I have read quite a few complaints around this around the platform.
@slobberchops in the chat was comparing his pack openings to Untamed days, and mentioned an interesting story where he "felt bad" after convincing @goblinknackers to buy 500 UNTAMED packs back in the day, only to have them worth less than he paid. However, how has that advice held up over time?
I don't know what he has bought since but I don't think that much and I don't think he plays at all, so I am going to use him as an example here and if he wants to add detail later, he can.
Has the Goblin been knackered?
500 UNTAMED = $1000 investment.
UNTAMED only holdings.
Two things to notice first up.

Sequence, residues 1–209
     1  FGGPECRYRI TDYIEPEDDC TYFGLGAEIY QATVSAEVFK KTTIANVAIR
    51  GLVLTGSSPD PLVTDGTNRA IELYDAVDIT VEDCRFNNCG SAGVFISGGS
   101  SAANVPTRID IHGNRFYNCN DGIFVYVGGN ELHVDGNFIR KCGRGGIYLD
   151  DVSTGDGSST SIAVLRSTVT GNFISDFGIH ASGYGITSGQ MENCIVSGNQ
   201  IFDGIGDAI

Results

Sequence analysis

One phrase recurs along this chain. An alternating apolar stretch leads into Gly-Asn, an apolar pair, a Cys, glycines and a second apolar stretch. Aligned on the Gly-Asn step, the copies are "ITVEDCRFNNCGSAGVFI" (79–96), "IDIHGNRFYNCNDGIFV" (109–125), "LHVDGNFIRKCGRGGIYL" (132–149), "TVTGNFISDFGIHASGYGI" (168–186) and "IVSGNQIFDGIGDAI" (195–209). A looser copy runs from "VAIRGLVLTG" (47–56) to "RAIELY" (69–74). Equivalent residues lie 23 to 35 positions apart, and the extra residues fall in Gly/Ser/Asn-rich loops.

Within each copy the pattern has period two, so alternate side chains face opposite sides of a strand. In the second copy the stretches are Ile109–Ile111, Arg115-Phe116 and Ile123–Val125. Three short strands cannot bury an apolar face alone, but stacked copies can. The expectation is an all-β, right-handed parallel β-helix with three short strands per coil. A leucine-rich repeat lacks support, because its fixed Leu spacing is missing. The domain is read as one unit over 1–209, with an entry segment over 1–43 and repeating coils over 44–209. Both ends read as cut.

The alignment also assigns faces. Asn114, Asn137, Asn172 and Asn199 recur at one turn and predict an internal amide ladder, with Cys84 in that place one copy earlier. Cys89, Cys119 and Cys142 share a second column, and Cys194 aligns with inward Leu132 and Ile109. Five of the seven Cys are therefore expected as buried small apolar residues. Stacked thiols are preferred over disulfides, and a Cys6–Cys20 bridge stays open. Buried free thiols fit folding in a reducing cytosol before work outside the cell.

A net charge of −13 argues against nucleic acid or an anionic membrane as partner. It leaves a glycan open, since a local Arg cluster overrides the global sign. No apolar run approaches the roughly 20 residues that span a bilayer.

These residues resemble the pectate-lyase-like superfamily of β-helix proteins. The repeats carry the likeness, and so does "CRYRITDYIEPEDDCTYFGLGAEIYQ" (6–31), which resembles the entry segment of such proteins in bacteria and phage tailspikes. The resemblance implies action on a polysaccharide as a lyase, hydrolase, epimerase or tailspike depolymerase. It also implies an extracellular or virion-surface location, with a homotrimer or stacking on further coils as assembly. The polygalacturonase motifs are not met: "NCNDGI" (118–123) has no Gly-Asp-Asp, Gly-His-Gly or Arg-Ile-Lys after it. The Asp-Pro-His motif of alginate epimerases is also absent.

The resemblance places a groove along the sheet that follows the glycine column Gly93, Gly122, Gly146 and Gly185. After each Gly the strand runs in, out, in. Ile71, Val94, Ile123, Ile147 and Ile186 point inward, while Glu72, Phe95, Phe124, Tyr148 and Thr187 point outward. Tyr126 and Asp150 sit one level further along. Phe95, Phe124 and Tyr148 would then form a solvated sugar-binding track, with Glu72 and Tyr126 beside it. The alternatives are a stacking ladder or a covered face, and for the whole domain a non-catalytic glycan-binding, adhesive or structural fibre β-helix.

The first is, DEC of the total is only 30,000 apart from the UNTAMED, meaning there is only 30,000 more collection power outside UNTAMED cards ~15% - but there is less than a 10% drop in value between the two. The second is that none of his CL cards are rented, but he doesn't have that many, at least not combined.
But what we are going to look at is the "dismal" yearly ROA on his holdings of just under 14% - which Slobber tells me is not managed so actively anyway. What we need to remember here is, yROA is "Yearly return on Asset" and it has a calculation - For instance:
This means that it is affected by "low card price" not average card price. It is for the sale of the lowest price of BCX, not the individual price of a single card. This is quite different, Since a combined card will generally have a lower BCX price than a single card, as it is already combined. But, a combined card can be highly valuable still - especially when there aren't many singles on the market. The market price can actually be high for that single, but if there aren't enough of them to combine into a higher level, price goes up, not down.